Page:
“GRAPE: An environment to build display processes” by Nadas and Fournier

  • ©Tom Nadas and Alain Fournier




    GRAPE: An environment to build display processes



    New modelling primitives and new rendering techniques are appearing at a rapid rate. To be able to implement and evaluate them easily, we need a very flexible display environment. We describe an environment which allows experimenting both with the basic modelling and rendering operations and with the process structure of the display system.The desired operations are implemented in nodes, coded in a traditional programming language, which can then be structured into arbitrary directed acyclic graphs. These nodes are all “plug compatible”, and pass streams of appels, which are generalized pixels, that is data structures containing information necessary for pixel evaluation. In addition, synchronization parameters are used to allow the expansion or the reduction of the stream of appels.This approach allows the assembly of new display systems from existing modules without coding, making it easy to experiment with different architectures and display processes. Algorithm designers are also able to test an algorithm at any point of the display process with a minimum of new coding.We describe an implementation of the scheme with a library of nodes written in C and the assembly of the graphs made through the use of the directory manipulation tools provided under UNIX™. We give examples of the uses of the implementation to build basic nodes, variations in compositing and texture mapping and special-purpose display systems.


    1. Agerwala, T. and Arvind, “Data Flow Systems”, Computer, Volume 15, Number 2, February 1982, pp. 10-13.
    2. Blythe, D., Kitamura, J., Galloway, D. and Snelgrove, M,, “Virtual Patch-Cords for the Katosizer”, Proceedings of the 1986 International Computer Music Conference, October 1986, pp. 359-364.
    3. Cook, R. L., Carpenter, L. and Catmuil, E., “‘The Reyes Image Rendering Architecture”, These Proceedings.
    4. Cook, R. L., “Shade Trees,” Computer Graphics. Volume 18, Number 3, July 1984, pp. 223-231.
    5. Crow, F. C., “‘A More Flexible Image Generation Environment,” Computer Graphics. Volume 16, Number 3, July 1982, pp. 9-18.
    6. Duff, T., The Soid and Roid Manual, NYIT Computer Graphics Laboratory internal memorandum, 1980.
    7. Duff, T., “Compositing 3-D Rendered Images,” Computer Graphics, Volume 19, Number 3, July 1985, pp. 41-44.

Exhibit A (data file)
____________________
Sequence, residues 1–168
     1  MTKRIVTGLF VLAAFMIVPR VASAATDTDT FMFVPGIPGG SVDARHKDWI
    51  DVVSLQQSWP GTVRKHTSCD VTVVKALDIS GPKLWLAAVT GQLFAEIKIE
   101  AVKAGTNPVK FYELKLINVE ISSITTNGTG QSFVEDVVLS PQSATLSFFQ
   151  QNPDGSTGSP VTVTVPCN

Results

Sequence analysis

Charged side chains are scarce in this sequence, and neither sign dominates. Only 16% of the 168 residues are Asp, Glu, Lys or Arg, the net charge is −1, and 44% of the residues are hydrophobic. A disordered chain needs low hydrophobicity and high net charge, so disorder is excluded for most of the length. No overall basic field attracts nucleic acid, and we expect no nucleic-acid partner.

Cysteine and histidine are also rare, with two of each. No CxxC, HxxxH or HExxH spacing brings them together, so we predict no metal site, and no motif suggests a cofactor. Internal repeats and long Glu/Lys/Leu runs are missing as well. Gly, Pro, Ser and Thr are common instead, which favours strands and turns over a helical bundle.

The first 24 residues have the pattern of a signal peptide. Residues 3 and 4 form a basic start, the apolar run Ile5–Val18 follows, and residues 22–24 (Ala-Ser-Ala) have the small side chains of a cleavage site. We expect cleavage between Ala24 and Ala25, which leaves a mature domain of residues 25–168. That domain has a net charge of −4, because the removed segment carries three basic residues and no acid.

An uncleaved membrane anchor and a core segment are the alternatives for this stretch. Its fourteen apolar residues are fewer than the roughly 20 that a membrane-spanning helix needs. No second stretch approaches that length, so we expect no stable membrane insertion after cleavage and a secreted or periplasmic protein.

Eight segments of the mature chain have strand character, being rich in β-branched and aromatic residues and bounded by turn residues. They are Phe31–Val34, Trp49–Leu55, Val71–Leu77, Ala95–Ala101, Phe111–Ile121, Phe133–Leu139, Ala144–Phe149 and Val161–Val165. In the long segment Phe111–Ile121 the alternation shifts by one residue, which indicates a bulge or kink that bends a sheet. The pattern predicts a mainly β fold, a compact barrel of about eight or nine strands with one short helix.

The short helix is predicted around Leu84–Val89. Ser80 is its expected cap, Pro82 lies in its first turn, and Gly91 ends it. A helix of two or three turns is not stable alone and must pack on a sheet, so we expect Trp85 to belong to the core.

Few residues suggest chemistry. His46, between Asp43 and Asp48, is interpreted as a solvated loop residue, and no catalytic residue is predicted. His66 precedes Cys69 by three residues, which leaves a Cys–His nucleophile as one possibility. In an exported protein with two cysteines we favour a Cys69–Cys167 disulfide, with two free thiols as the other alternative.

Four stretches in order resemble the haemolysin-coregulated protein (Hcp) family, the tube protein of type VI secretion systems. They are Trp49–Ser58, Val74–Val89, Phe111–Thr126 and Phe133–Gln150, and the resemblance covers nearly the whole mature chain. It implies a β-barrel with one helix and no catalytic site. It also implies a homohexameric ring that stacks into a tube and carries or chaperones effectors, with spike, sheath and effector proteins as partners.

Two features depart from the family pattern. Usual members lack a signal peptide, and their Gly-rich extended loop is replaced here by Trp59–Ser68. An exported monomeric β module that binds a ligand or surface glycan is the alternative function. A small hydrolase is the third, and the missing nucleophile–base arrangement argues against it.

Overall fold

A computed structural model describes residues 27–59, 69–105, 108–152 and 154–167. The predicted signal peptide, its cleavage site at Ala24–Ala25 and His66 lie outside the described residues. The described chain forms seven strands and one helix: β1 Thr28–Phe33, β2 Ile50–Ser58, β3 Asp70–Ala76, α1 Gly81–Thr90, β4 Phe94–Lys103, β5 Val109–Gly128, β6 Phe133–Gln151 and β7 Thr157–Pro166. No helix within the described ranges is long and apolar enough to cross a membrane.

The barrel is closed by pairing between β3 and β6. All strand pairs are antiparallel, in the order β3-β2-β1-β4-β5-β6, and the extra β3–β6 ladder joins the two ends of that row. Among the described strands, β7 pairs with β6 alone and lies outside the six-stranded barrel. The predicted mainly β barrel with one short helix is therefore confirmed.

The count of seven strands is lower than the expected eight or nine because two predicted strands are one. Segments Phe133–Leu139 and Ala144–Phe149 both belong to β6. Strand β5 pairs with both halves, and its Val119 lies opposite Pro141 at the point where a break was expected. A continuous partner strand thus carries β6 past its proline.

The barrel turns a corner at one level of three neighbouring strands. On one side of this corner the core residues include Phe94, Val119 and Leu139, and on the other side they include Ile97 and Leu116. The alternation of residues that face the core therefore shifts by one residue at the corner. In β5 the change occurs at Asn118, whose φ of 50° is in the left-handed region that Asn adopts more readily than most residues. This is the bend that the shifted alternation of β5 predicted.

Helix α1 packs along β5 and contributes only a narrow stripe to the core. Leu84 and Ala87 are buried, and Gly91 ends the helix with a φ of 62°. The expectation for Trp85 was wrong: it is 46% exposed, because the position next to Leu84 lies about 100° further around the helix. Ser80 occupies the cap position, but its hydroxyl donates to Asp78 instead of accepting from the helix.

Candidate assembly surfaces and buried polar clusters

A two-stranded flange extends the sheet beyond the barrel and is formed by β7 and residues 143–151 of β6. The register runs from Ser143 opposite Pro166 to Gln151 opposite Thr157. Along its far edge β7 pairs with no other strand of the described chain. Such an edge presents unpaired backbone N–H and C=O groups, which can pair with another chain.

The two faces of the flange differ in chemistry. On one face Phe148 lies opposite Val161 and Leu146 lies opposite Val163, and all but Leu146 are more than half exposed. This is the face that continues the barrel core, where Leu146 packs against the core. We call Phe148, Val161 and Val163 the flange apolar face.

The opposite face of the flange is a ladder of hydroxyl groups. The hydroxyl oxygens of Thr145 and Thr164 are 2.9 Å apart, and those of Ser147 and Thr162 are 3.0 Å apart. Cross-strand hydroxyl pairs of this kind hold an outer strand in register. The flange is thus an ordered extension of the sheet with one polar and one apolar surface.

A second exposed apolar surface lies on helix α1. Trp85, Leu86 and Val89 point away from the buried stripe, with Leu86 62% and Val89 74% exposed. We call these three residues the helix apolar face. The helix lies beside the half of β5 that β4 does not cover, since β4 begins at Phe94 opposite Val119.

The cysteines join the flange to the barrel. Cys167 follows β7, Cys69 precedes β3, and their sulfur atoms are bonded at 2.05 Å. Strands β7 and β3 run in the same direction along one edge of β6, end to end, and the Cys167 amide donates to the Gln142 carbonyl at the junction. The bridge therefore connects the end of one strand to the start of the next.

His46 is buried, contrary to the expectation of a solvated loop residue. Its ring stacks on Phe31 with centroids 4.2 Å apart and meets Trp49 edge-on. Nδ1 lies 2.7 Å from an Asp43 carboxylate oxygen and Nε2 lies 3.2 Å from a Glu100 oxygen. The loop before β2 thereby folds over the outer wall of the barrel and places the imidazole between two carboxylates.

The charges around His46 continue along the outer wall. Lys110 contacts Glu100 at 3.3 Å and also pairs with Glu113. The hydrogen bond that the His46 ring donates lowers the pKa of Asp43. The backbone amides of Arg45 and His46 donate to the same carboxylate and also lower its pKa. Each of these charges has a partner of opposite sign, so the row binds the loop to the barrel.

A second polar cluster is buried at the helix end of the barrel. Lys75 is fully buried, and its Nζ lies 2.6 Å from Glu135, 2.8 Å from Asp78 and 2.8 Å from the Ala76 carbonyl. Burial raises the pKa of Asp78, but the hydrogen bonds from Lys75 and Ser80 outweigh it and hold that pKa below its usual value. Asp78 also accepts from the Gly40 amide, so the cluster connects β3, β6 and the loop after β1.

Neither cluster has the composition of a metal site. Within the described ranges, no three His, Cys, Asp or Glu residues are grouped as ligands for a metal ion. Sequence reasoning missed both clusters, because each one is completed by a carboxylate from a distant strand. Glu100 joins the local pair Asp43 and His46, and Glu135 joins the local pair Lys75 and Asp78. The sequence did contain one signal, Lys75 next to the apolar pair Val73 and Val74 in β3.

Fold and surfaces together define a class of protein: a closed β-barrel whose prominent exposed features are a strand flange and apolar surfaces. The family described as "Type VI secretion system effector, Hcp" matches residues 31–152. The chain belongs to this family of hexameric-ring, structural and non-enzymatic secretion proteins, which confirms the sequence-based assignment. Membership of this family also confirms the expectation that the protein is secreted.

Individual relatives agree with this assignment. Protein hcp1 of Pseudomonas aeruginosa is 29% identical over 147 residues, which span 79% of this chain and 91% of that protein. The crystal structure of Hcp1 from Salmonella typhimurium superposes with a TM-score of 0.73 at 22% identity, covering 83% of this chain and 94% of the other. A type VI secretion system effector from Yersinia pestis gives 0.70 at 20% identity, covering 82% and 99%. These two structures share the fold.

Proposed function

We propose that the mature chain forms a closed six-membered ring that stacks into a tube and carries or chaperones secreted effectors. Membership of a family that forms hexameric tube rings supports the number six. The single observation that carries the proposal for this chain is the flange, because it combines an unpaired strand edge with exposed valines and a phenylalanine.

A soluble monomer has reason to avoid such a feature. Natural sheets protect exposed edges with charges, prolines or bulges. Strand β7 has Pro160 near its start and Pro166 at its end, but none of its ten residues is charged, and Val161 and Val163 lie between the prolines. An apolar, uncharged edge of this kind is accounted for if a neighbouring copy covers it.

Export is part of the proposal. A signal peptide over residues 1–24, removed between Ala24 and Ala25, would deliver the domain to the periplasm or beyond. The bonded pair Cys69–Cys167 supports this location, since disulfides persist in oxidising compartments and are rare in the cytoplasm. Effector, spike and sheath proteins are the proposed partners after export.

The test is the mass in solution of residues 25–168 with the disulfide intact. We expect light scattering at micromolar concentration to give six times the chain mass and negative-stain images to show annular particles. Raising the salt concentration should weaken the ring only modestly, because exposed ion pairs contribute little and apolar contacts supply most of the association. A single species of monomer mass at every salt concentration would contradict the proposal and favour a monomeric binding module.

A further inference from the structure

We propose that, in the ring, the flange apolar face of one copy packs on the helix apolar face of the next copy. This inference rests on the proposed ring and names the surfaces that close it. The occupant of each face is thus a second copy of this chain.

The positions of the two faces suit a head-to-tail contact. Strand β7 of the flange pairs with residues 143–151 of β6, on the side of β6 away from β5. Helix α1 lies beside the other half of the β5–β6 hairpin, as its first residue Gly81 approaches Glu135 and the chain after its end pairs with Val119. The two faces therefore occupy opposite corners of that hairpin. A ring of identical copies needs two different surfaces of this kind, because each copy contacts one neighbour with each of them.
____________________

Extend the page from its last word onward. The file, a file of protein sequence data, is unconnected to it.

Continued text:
8. Gouraud, H., “Continuous Shading of Curved Surfaces,” IEEE Transactions on Computers, Volume 20, Number 6, June 1971, pp. 623-629.
    9. Greene, N. and Heckbert, P. S., “Creating Raster Omnimax Images from Multiple Perspective Views Using Elliptical Weighted Average Filter,” IEEE Computer Graphics and Applications, Volume 6, Number 6, June 1986, pp. 21-27.
    10. Haeberli, P. “A Data Flow Manager for an Interactive Programming Environment”, Proceedings of USENIX Summer Conference, Atlanta, GA, 1986.
    11. Hall, R. A. and D. P. Greenberg, “A Testbed for Realistic Image Synthesis,” 1EEE Computer Graphics and Applications, Volume 3, Number 11, November 1983, pp. 10-20.
    12. Hedelman, H., -A Data Flow Approach to Procedural Modeling”, IEEE Computer Graphics and Applications, Volume 4, Number 1, January 1984, pp. 16-26.
    13. Nadas, T. P., The Computation of Appearance Elements, M. Sc. Thesis, Department of Electrical Engineering, University of Toronto, 1986.
    14. Paeth, A. W. and K. S. Booth, “Design and Experience with a Generalized Raster Toolkit,” Graphics Interface 1986 Proceedings, May 1986, pp. 91-97.
    15. Perlin, K., “Art Image Synthesizer,” Computer Graphics. Volume 19, Number 3, July 1985, pp. 287-296.
    16. Bui-Tuong Phong, “illumination for Computer Generated Pictures,” Communications of the ACM, Volume 18, Number 6, June 1975, pp. 311-317.
    17. Porter, T. and T. Duff, “‘Compositing Digital Images,” Computer Graphics. Volume 18, Number 3, July 1984, pp. 253- 259.
    18. Potmesil, M. and Hoffert. E. M., “‘FRAMES: Software Tools for Modeling, Rendering and Animation of 3D Scenes”, These Proceedings.
    19. Robinson, J. and S. Zimmerman, “Exploiting Texture in an Integrated Training Environment”, CIG Technical Report, Evans & Sutherland, 1984.
    20. Reeves, W. T. Salesin, D. H. and Cook, R. L., “Shadowing with Texture Maps”, These Proceedings.
    21. Whitted, T. and D. M. Weimer, “A Software Testbed for the Development of 3D Raster Graphics Systems,” ACM Transactions on Graphics. Volume 1, Number 1, January 1982, pp. 43-58.

ACM Digital Library Publication: